year = "2019",
month = "3",
day = "1",
doi = "10.1097/MAO.0000000000002144",
language = "English",
volume = "40",
pages = "e186--e190",
journal = "Otology and Neurotology",
issn = "1531-7129",
publisher = "Lippincott Williams and Wilkins Ltd.",
number = "3",

}

TY - JOUR

T1 - Involvement of the Internal Auditory Canal in Subjects With Cochlear Otosclerosis

T2 - A Less Acknowledged Third Window That Affects Surgical Outcome

AU - Shim, Ye Ji

AU - Bae, Youn Jung

AU - An, Gwang Seok

AU - Lee, Kyogu

AU - Kim, Yoonjoong

AU - Lee, Sang Youp

AU - Choi, Byung Yun

AU - Choi, Byung Se

AU - Kim, Jae Hyoung

AU - Koo, Ja-Won

AU - Song, Jae Jin

PY - 2019/3/1

Y1 - 2019/3/1

N2 - OBJECTIVE: To investigate the effects of cavitating lesions involving the internal auditory canal (IAC) in subjects with cochlear otosclerosis with regard to poststapedotomy hearing outcome. STUDY DESIGN: Retrospective study. SETTING: Tertiary referral center. PATIENTS: A retrospective chart review of 134 subjects with otosclerosis treated from January 2011 to June 2017 at Seoul National University Bundang Hospital was conducted. Sixteen subjects (23 ears) with temporal bone computed tomography (TBCT)-confirmed cochlear otosclerosis who underwent stapedotomy were included in the study. MAIN OUTCOME MEASURES: Pure tone audiometry (PTA) (i.e., air and bone conduction; AC and BC, respectively) thresholds and air-bone gap (ABG), measured at 6 months postoperatively were compared between cochlear otosclerosis with and without IAC involvement (IAC group and non-IAC group, respectively). RESULTS: A total of 14 of 23 ears showed involvement of the IAC. There were no significant differences in age, side of otosclerosis, or preoperative hearing threshold between the two groups. The mean postoperative AC and BC thresholds and ABG of the IAC group were significantly poorer (45.7 dB, 33.8 dB, and 11.8 dB, respectively) than those of the nonIAC group (24.1 dB, 20.0 dB, and 4.1 dB, respectively). CONCLUSIONS: Cochlear otosclerosis with cavitating lesions involving the IAC showed significantly poorer postoperative audiological outcomes than those without any cavitating lesion. Cavitation extending to the IAC may act as a third window providing a route for sound energy shunting, and thus precluding successful hearing outcome in some subjects with cavitating otosclerosis after stapedotomy.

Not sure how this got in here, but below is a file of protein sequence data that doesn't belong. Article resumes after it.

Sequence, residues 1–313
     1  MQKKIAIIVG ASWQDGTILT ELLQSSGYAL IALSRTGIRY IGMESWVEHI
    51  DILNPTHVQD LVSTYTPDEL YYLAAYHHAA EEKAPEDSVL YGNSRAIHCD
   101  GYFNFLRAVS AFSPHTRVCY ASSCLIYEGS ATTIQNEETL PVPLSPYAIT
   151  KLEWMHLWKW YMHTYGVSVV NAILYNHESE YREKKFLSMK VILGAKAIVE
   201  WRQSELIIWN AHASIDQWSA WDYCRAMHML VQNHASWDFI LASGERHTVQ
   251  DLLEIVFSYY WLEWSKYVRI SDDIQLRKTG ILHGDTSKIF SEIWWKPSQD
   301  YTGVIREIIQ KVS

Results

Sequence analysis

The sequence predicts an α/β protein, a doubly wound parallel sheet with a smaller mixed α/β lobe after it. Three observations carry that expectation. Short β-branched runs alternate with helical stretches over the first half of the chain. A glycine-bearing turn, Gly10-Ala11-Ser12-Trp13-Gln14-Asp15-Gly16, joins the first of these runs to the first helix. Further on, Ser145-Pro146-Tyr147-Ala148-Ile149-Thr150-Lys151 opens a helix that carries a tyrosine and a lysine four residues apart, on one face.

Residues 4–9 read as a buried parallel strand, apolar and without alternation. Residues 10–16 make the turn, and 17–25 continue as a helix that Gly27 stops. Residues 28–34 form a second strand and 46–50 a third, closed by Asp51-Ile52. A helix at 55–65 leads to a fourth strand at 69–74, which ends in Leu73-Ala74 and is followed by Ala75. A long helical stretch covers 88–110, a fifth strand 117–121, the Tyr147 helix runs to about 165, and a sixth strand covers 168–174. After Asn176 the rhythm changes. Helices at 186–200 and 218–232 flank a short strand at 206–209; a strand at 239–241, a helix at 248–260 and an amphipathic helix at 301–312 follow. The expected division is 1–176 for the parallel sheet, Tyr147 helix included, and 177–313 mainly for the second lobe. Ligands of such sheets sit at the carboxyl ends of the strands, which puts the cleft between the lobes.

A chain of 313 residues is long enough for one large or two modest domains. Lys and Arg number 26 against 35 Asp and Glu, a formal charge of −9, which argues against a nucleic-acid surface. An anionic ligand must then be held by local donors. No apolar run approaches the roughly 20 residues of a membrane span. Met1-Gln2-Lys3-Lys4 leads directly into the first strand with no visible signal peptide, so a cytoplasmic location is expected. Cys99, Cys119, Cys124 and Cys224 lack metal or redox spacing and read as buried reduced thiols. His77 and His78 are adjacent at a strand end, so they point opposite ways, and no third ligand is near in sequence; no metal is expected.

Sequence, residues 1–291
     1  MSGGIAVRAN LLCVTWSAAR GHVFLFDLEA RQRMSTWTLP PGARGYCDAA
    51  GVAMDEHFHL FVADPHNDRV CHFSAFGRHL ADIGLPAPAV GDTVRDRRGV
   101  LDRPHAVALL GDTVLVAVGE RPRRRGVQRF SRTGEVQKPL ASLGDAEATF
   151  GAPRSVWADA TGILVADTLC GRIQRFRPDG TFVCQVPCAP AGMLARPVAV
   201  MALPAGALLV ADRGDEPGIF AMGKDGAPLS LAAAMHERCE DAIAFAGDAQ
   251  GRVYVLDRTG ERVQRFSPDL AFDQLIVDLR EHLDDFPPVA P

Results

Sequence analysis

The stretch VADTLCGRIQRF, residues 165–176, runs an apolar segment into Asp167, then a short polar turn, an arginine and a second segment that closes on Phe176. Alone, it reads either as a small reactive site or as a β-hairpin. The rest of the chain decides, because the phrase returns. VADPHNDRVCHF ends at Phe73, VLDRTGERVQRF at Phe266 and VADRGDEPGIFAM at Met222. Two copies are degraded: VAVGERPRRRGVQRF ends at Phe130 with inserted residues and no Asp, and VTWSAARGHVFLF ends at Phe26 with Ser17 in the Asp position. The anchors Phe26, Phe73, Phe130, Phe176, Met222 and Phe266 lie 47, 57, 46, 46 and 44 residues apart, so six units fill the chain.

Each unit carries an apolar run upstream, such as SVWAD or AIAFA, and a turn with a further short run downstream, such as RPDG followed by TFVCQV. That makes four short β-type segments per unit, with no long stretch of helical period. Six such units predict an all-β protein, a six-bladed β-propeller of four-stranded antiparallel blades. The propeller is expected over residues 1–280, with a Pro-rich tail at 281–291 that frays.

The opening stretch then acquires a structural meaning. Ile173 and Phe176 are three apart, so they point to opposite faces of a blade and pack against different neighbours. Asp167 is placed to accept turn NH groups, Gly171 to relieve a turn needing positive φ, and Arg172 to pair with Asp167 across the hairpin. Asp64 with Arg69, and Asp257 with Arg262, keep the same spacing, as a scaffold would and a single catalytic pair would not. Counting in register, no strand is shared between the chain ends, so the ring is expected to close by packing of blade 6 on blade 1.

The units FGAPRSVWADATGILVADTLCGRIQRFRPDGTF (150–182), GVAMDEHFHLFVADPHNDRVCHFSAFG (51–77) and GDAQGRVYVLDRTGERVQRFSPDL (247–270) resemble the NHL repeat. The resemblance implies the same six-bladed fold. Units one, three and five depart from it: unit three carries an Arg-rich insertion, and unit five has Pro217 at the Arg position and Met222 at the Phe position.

AB - OBJECTIVE: To investigate the effects of cavitating lesions involving the internal auditory canal (IAC) in subjects with cochlear otosclerosis with regard to poststapedotomy hearing outcome. STUDY DESIGN: Retrospective study. SETTING: Tertiary referral center. PATIENTS: A retrospective chart review of 134 subjects with otosclerosis treated from January 2011 to June 2017 at Seoul National University Bundang Hospital was conducted. Sixteen subjects (23 ears) with temporal bone computed tomography (TBCT)-confirmed cochlear otosclerosis who underwent stapedotomy were included in the study. MAIN OUTCOME MEASURES: Pure tone audiometry (PTA) (i.e., air and bone conduction; AC and BC, respectively) thresholds and air-bone gap (ABG), measured at 6 months postoperatively were compared between cochlear otosclerosis with and without IAC involvement (IAC group and non-IAC group, respectively). RESULTS: A total of 14 of 23 ears showed involvement of the IAC. There were no significant differences in age, side of otosclerosis, or preoperative hearing threshold between the two groups. The mean postoperative AC and BC thresholds and ABG of the IAC group were significantly poorer (45.7 dB, 33.8 dB, and 11.8 dB, respectively) than those of the nonIAC group (24.1 dB, 20.0 dB, and 4.1 dB, respectively). CONCLUSIONS: Cochlear otosclerosis with cavitating lesions involving the IAC showed significantly poorer postoperative audiological outcomes than those without any cavitating lesion. Cavitation extending to the IAC may act as a third window providing a route for sound energy shunting, and thus precluding successful hearing outcome in some subjects with cavitating otosclerosis after stapedotomy.

UR - http://www.scopus.com/inward/record.url?scp=85061225049&partnerID=8YFLogxK

U2 - 10.1097/MAO.0000000000002144

DO - 10.1097/MAO.0000000000002144

M3 - Article

VL - 40

SP - e186-e190

JO - Otology and Neurotology

JF - Otology and Neurotology

SN - 1531-7129

IS - 3

ER -